Forensic Psychologist

Saturday, February 21, 2009

Forensic Psychology on Psychology Journal

A forensic psychologist is any psychologist who offers an expert psychological opinion in a way that it impacts one of the adversarial arenas, typically the courts. Many people think of forensic psychologists as focussing on criminal matters. This is certainly not always the case.

A forensic psychologist is any psychologist who by virtue of training or experience may assist a court or other fact finder in arriving at a just or correct decision. For example a forensic psychologist may assist in a wide variety of civil matters. Civil matters include but are not limited to lawsuits or insurance claims where emotional suffering is a part of the claim, determination of competency of an aged or ill person to make decisions, whether a death was an accident or a "disguised suicide" in an insurance claim case, or in a wide variety of other areas.

Becoming a forensic psychologist will first require you to get a doctorate in psychology, often (but not necessarily) in clinical or counseling psychology. It will probably take you about seven years after the undergraduate degree to get this doctorate, though some people may take a little less time. Competition is stiff to enter these doctoral programs, so study hard!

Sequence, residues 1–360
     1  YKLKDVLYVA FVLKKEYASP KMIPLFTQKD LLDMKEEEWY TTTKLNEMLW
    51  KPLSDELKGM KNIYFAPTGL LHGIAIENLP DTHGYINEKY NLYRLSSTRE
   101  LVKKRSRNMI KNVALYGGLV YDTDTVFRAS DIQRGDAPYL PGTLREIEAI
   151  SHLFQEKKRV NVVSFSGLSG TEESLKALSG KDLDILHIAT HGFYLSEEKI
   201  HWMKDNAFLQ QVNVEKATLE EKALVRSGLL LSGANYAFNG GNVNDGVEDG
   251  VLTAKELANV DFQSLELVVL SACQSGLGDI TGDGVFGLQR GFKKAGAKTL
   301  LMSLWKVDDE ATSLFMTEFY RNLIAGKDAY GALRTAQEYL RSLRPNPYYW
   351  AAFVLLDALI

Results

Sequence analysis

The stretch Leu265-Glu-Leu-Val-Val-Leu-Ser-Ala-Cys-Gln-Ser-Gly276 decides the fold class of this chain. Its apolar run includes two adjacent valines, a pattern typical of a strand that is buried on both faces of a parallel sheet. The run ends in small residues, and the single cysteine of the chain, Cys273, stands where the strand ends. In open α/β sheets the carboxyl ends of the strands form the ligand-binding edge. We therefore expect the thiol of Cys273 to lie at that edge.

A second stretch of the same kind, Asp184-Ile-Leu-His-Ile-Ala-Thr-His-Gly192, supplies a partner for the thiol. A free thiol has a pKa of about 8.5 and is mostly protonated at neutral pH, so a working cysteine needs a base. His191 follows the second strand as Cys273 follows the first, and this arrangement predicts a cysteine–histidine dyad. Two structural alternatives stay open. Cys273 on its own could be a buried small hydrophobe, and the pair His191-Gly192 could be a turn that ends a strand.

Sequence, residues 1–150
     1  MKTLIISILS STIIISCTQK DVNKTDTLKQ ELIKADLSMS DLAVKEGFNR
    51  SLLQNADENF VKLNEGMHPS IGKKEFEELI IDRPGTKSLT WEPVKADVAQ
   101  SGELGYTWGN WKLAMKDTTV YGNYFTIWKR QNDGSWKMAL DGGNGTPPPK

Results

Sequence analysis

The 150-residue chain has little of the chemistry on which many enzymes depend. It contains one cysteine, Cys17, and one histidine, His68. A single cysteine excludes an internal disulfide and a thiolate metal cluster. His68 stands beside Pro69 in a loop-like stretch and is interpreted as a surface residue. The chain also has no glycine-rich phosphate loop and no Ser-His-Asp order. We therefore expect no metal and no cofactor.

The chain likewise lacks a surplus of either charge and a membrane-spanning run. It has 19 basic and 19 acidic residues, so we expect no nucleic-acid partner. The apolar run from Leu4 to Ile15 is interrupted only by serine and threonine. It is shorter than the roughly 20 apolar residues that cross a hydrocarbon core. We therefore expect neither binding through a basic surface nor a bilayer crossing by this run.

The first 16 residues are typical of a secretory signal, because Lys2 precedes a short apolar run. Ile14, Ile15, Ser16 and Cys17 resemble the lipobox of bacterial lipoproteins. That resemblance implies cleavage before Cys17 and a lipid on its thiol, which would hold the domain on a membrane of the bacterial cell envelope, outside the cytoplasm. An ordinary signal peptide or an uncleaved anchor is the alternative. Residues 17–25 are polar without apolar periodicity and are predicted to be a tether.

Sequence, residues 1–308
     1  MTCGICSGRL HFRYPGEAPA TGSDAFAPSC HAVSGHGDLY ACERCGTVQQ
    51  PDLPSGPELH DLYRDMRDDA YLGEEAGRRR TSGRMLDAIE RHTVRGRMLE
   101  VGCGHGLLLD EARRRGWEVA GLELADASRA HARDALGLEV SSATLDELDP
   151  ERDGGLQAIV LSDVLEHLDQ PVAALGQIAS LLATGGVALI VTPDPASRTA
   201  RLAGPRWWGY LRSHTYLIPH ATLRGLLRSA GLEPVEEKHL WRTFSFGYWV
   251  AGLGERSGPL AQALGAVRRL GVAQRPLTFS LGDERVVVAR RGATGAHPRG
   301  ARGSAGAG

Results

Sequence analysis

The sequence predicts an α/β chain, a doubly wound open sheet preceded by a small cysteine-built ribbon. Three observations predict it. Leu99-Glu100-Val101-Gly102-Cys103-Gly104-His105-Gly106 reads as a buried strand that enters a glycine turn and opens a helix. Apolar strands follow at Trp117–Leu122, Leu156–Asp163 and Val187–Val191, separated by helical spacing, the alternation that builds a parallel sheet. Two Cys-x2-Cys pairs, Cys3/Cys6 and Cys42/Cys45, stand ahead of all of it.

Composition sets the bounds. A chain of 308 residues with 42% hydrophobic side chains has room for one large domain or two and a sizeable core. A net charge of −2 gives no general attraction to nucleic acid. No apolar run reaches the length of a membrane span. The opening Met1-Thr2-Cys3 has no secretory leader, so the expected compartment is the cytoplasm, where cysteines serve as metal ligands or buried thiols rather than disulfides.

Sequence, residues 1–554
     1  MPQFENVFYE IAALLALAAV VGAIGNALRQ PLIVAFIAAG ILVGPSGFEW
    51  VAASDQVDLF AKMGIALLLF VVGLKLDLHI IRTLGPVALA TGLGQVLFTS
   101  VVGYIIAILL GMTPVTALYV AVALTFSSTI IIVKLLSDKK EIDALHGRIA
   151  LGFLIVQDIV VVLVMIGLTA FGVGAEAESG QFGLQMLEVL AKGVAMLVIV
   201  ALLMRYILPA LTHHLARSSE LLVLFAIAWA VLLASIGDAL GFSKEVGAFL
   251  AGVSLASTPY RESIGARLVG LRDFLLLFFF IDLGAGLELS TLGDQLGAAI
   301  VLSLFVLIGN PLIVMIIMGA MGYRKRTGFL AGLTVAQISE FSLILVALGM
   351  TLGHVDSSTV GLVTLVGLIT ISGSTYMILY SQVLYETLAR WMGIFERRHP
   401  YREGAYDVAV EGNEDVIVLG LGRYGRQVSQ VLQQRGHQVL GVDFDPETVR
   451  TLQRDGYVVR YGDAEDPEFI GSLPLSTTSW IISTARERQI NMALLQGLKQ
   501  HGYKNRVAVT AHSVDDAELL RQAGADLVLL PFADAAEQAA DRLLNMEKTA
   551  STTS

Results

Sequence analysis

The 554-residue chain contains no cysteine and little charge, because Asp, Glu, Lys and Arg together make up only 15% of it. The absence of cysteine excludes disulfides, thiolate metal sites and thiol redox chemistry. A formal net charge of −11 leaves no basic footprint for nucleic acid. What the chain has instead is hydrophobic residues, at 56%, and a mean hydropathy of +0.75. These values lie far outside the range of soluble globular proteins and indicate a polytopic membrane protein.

One way the person who is already a psychologist becomes a forensic psychologist is by doing additional informal study after receiving the doctoral degree. She or he does this by attending seminars, consulting with senior colleagues, or returning to the university to take additional course work.

Simultaneously, psychologists often undertake their first cases in the forensic area. When done well the ethical psychologist takes care to consult closely with colleagues in the early years.

After getting considerable experience and continuing education, some forensic psychologists will go on to become 'Board Certified' in the forensic psychology specialty. But not all forensic psychologists do become board certified.

Forensic Psychology on Psychology Journal

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